Shawn Moody is founder of Moody’s Collision Centers, a Maine chain of auto body repair shops that he founded right out of graduating from Gorham High School.
In 2010, Moody ran unsuccessfully for governor as an unenrolled candidate. He served on the board of trustees of the University of Maine System and the Maine Community College System.
After joining the Republican Party, Moody won the party nomination for governor this past June.
Maine Public’s Mal Leary in June asked Moody what sets him apart from the field:
Leary: There are three other candidates in this race, and many of them are promoting the same ideas. What specific proposal or proposals make you different from your opponents?
Moody: Well, I think it’s life’s experience — 40 years of being a businessman, we actually have to apply the things that they talk about. I’ve been on the receiving end of government for 40 years. So I think that’s a big difference. You know, health care costs go up, we have to put wellness programs into place, HSA programs. We actually became self-insured this year because our health care premiums are going to crest a million dollars. So we experience the policies that are driven from Augusta in our business, in our personal lives. And everybody I’ve talked to out there, they want someone that’s grounded, that’s a Mainer, that’s been in business, got a good track record to solve some of the state’s challenges, because I’ve been experiencing government like them — from the top down.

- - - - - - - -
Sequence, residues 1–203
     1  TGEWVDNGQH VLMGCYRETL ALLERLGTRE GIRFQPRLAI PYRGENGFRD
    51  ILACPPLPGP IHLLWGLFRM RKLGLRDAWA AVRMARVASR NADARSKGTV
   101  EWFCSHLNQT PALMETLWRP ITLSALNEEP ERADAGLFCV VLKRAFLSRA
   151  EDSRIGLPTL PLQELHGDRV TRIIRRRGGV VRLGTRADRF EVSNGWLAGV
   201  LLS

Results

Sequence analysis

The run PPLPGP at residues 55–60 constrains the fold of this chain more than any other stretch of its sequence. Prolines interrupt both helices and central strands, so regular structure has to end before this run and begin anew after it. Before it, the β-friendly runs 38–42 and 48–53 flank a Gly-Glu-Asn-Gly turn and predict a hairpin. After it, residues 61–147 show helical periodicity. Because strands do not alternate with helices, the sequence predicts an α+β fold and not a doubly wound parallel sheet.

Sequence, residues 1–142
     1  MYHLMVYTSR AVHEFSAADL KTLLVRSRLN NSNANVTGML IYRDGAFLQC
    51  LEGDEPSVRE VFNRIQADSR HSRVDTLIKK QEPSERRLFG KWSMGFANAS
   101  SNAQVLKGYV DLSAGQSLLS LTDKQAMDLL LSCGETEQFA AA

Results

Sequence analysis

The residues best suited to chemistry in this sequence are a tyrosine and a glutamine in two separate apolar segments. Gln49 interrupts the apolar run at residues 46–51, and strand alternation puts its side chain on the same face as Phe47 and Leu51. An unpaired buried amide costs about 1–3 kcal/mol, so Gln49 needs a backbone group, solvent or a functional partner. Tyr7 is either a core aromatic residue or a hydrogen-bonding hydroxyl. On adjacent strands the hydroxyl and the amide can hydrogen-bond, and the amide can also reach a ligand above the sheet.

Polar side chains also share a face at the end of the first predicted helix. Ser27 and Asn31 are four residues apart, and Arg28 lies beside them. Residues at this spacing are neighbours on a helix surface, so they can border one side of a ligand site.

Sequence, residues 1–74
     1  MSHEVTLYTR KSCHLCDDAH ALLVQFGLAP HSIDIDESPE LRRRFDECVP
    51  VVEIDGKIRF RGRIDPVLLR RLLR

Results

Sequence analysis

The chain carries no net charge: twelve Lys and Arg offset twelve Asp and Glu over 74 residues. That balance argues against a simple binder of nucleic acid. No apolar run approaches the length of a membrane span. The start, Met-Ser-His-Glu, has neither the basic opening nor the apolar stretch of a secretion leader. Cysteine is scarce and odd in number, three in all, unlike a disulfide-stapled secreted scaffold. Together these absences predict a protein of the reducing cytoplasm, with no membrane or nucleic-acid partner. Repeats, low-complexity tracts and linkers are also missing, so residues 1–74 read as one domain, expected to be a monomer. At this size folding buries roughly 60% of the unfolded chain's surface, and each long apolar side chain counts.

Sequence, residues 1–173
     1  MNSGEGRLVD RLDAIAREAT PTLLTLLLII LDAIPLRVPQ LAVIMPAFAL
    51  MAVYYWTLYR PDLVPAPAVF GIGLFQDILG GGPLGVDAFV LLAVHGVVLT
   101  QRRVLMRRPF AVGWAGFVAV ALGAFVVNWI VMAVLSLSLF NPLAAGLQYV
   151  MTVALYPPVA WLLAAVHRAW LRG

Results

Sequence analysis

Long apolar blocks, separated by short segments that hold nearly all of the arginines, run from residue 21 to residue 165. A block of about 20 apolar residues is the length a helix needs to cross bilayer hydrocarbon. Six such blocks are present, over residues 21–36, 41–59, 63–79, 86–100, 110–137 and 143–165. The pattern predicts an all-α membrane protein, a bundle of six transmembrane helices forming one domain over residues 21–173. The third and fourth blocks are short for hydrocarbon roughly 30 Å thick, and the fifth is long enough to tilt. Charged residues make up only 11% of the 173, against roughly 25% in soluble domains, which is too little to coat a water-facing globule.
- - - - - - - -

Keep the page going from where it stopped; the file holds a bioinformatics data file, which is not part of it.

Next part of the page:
What’s the biggest challenge facing Maine and what could you do as governor to address it?
I think it’s twofold: No. 1, you know we’ve got to continue to be fiscal managers. I think Gov. Paul LePage has done a good job getting our fiscal house in order. He paid off the hospitals, which is $750 million. The unemployment rate has gone down. I mean, that’s not all, obviously, the governor’s doing. But the national economy has improved. So we’re down to what you could call, basically, full employment. So we got some positive things happening here in Maine economically and we’ve got to continue to keep our costs down, look at ways that we can reduce the size and scope of the state government, but at the same time grow our economy. In some areas of the state there’s not enough people to do the work, other areas need more businesses that provide good-paying jobs. And I’ve traveled the whole state and I know the difference between the two. So I would start kind of a migration — not immigration but migration — strategy to bring former Mainers back to the state of Maine, reunite their families and revitalize our rural communities. Because people need talent, and so if we can get the 25- to 45-year-old former Mainers come back and raise families here in the state of Maine, we could offer tuition reimbursement if they want to continue their education, student loan forgiveness programs. The governor’s got a bill now to try to put a bond to do something to that effect. I think that’s critical. We just can’t let this population decline, our aging demographic. Those are the two critical areas that we need to address.
Polls continue to show that jobs are the biggest concern, even though we got pretty low unemployment rate now. What could you do as governor to improve the economy?
Well, we’re 48th in “business friendly.” When I started my business at 17, I went down to the town office and took out a building permit: It was $35, and we started the job the next day. We’re siting a new shop in South Portland right now: permits, fees and approvals will cost $60,000, and it will take longer to permit the project than it will actually to build it. We know what needs to happen to ease the regulatory burden and the tax burden. We’ve got to get government to be a willing partner, not an inhibitor.
This interview has been edited for clarity. Visit our Your Vote 2018 page for more elections resources and information.